Reporters Without Borders urges the Georgian authorities to carry out badly needed reforms to ensure the independence of the country’s public radio and TV broadcaster, GPB (Общественный вещатель Грузии).
“The politically-motivated dismissals of recent weeks underline the urgency of the need to depoliticize the appointments of GPB’s executives and guarantee the independence of the radio and TV stations it oversees,” Reporters Without Borders said.
“We fervently hope that the proposed broadcasting law that was recently submitted to parliament will provide the necessary guarantees. Journalists must be free to work without political interference in both public and commercial broadcast media. The presidential election next October makes this all the more urgent.”
Georgia has had a president and prime minister from rival political coalitions since last October’s parliamentary elections, which were won by billionaire Bidzina Ivanishvili, a bitter opponent of President Mikheil Saakashvili. Political rivalry is now focused on next October’s presidential election, in which Saakashvili cannot run for another term.
GPB director-general Georgiy Chanturiya was fired and replaced by Georgiy Baratashvili shortly after last October’s elections. On 28 February, Baratashvili fired news director Khatuna Berdzenishvili (Хатуна Бердзенишвили), who is said to be supporter of President Saakashvili’s National Movement.
But then, on 4 March, Baratashvili was fired by GPB’s board of governors, of which the majority supports President Saakashvili. The governors are nominated by the president and appointed by parliament. Baratashvili has announced his intention to challenge his dismissal before the courts.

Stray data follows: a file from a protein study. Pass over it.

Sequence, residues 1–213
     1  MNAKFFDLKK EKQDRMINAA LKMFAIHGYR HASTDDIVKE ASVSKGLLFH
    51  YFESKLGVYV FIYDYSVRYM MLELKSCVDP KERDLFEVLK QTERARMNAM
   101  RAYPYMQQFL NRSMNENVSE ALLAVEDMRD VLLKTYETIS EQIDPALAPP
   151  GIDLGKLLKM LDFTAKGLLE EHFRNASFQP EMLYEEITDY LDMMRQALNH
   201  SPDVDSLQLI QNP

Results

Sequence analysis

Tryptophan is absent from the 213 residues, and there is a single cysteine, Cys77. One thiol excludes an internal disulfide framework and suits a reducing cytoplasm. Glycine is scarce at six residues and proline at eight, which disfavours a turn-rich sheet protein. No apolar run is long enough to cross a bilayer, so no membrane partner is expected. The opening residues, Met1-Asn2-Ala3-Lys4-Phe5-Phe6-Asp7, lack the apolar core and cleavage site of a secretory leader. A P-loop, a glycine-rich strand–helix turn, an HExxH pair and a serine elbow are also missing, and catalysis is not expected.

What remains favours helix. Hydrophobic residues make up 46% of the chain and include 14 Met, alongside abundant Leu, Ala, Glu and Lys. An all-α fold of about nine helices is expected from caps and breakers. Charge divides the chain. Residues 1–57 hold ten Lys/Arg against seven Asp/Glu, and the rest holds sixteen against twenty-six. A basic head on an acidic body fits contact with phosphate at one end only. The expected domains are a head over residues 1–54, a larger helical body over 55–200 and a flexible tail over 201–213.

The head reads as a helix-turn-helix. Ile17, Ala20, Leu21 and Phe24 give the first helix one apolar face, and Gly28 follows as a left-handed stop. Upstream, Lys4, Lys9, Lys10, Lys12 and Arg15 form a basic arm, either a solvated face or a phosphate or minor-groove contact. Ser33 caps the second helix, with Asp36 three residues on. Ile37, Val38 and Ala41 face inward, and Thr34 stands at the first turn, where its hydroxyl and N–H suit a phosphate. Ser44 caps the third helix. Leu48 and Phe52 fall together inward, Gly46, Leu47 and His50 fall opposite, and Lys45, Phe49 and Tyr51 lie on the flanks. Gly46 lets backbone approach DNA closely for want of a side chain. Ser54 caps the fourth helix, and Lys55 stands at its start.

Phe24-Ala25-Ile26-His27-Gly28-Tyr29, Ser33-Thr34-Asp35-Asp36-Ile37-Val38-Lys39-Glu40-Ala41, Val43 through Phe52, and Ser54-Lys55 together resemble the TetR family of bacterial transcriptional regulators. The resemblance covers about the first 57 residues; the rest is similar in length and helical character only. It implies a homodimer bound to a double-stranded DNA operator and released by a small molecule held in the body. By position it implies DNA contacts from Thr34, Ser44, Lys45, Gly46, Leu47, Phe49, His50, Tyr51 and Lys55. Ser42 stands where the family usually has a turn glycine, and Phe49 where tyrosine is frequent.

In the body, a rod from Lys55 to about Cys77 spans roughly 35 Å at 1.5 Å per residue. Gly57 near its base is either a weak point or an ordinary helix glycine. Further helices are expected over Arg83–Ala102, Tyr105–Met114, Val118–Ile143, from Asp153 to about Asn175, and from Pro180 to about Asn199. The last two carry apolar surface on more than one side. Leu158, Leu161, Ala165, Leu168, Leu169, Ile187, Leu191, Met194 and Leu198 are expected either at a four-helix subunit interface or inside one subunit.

All this has underscored the already glaring need to reform the way BPG functions. An NGO coalition called Media Advocacy Coalition recently submitted a draft broadcasting law to parliament and its representatives appeared before a parliamentary committee yesterday. The bill is due to come before the chamber in the spring.
The proposed law would change the way GPB’s board of governors is appointed, so that it is not controlled by the ruling party. The number of governors would be cut from 15 to nine, of whom two would be appointed by the Ombudsman, three by the party or coalition with a parliamentary majority and three by the other parliamentary parties.
The president of the public radio and TV broadcaster in the autonomous southwestern Republic of Adjara would automatically be the ninth governor. The proposed law also defines the powers of GPB’s board of governors and executive, and clarifies the conditions for hiring and firing executive and journalistic staff.
GPB’s status was changed from state-owned to public in 2005 but in practice most of its funding still comes directly from the government’s budget. GPB currently consists of two TV stations and two radio stations.
Georgia’s major commercial TV stations are also the subject of many disputes that are being accentuated by the elections.
Ownership of Imedi TV, a station acquired by supporters of President Saakashvili in 2007, was restored to its original majority shareholder shortly after last October’s elections. The judicial authorities then began investigating alleged fraudulent asset transfers and money laundering involving Tbilisi’s mayor.
In November, Prime Minister Ivanishvili said he was considering a merger between GPB and TV9, a commercial station launched by his wife earlier in 2012. He subsequently retracted.
In such a polarized media landscape, the issue of transparent financing is crucial. Reporters Without Borders hopes that the proposed reforms will lead to progress in this area as well.
The finance ministry revealed last month that, before the change in government, the three leading pro-Saakashvili TV stations – Rustavi-2, Imedi and PIK – had been spared substantial amounts in taxes.
Georgia is ranked 100th out of 179 countries in the 2013 Reporters Without Borders press freedom index.
Read our previous statement on Georgia: "Media face many unknowns after tense election campaign" (1 October 2012)